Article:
Here, instead of comparing the same forest over 15 years, researchers looked at the difference between forests with primates and those where primates had been largely killed off.
“In the protected forests, where there are still primates, the community of seedlings on the forest floor resembles the community of mature trees in the same forests. Primate dispersed, large seeded species make up the majority of trees in terms of both stems and species,” explains Olsson. “However, in the hunted sites the seedling communities are different. There are much fewer primate dispersed fruiting trees among the seedlings, even though the mature tree composition is the same as in the protected forests.”
The pachyderm problem
Seed dispersal doesn’t just belong to primates, rodents, and birds. One of the most important seed dispersers in the tropics may be the world’s biggest land animal: the elephant. Recent research has highlighted the role of both the Asian and African elephants in dispersing seeds. In fact a study this year found that the decline of the world’s forest elephants (Loxodonta cyclotis) in Gabon was resulting in the decline of over a dozen tree species with a likelihood of eventual local extinction.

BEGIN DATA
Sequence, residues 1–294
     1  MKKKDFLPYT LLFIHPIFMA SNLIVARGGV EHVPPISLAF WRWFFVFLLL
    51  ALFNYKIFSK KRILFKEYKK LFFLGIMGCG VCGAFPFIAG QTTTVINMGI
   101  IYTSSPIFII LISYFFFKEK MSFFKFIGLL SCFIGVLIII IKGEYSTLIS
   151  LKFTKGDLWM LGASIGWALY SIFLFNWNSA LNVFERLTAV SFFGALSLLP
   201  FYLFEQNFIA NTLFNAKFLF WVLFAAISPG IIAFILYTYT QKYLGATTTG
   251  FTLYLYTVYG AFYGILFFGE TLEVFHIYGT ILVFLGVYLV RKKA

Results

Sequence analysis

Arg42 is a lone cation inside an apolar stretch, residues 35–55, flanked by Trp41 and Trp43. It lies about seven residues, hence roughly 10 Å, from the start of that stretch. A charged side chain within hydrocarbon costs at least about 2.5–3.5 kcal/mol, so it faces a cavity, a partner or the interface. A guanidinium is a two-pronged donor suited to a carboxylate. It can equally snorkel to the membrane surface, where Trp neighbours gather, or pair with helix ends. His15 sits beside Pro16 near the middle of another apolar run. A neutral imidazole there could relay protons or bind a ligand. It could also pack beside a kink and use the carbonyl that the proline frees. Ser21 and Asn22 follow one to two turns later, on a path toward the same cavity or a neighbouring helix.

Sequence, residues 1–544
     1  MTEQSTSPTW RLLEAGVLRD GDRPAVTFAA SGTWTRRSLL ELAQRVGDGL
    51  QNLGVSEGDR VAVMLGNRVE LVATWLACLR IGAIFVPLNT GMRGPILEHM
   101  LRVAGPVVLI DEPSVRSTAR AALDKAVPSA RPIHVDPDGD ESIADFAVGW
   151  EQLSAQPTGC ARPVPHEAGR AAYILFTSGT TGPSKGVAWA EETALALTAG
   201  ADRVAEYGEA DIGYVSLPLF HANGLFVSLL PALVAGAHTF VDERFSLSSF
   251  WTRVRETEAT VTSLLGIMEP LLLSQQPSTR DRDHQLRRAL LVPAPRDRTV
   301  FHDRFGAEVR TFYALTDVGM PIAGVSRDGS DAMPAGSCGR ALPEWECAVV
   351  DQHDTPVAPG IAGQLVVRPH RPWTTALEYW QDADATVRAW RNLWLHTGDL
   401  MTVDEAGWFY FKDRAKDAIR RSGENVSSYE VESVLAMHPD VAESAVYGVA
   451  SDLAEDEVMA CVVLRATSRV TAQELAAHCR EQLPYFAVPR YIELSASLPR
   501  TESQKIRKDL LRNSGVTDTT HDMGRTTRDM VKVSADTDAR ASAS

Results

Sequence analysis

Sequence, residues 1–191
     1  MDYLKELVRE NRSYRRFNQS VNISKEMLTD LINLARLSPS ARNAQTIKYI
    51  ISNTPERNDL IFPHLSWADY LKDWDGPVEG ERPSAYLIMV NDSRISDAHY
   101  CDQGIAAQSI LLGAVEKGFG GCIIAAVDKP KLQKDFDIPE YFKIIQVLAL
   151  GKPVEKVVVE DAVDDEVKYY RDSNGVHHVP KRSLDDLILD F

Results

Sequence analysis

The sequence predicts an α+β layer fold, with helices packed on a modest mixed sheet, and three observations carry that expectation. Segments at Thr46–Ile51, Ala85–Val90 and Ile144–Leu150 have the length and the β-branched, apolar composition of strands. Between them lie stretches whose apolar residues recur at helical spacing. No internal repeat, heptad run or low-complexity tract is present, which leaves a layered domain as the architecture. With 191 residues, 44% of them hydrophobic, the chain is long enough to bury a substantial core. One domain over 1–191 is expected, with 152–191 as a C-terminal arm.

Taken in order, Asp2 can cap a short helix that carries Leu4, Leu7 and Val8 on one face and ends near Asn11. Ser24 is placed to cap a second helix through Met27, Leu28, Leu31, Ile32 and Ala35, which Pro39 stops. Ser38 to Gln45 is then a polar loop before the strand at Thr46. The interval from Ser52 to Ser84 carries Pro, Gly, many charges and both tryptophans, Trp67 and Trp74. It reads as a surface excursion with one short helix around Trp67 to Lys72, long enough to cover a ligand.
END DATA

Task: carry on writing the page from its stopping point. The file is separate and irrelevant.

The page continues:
“Certain plant species that co-evolved with megafauna such as elephants have developed fruits and seeds adapted to these large seed dispersal vectors,” David Beaune with the Max Planck Institute for Evolutionary Anthropology told mongabay.com in March.”If we can’t replace elephants, then the reproduction of these plant species is hugely compromised.”
But the forest elephant is rapidly vanishing to poachers, who are bent on supplying illegal ivory to East Asia. A recent study in PLoS ONE found that 62 percent of forest elephants have been slaughtered by poachers in just ten years.
While forest elephants should be present in Nigeria’s forests as well, Olsson says they “are really scarce.”
Though less research has been done on Asian elephants (Elephas maximus), seed dispersal experts believe they also play an oversized role. Rhinos may be major seed dispersers as well, but they have vanished from most tropical forests due to a combination of relentless poaching and habitat loss. Even as forests are emptied of medium-sized mammals and birds, many were first emptied of megafauna.
Given what’s at stake—the extinction of rainforest trees and a complete re-shuffling of tropical forests with unknown consequences—how do we stop overhunting and allow important seed-dispersal species to recover?
Olsson says that in Nigeria regional population growth is playing “an enormous role” in the country’s environmental issues.
“More people in areas like these means higher pressure on the land and the remaining intact and protected forests,” he says. “Unfortunately, that insight does not suggest a simple solution.”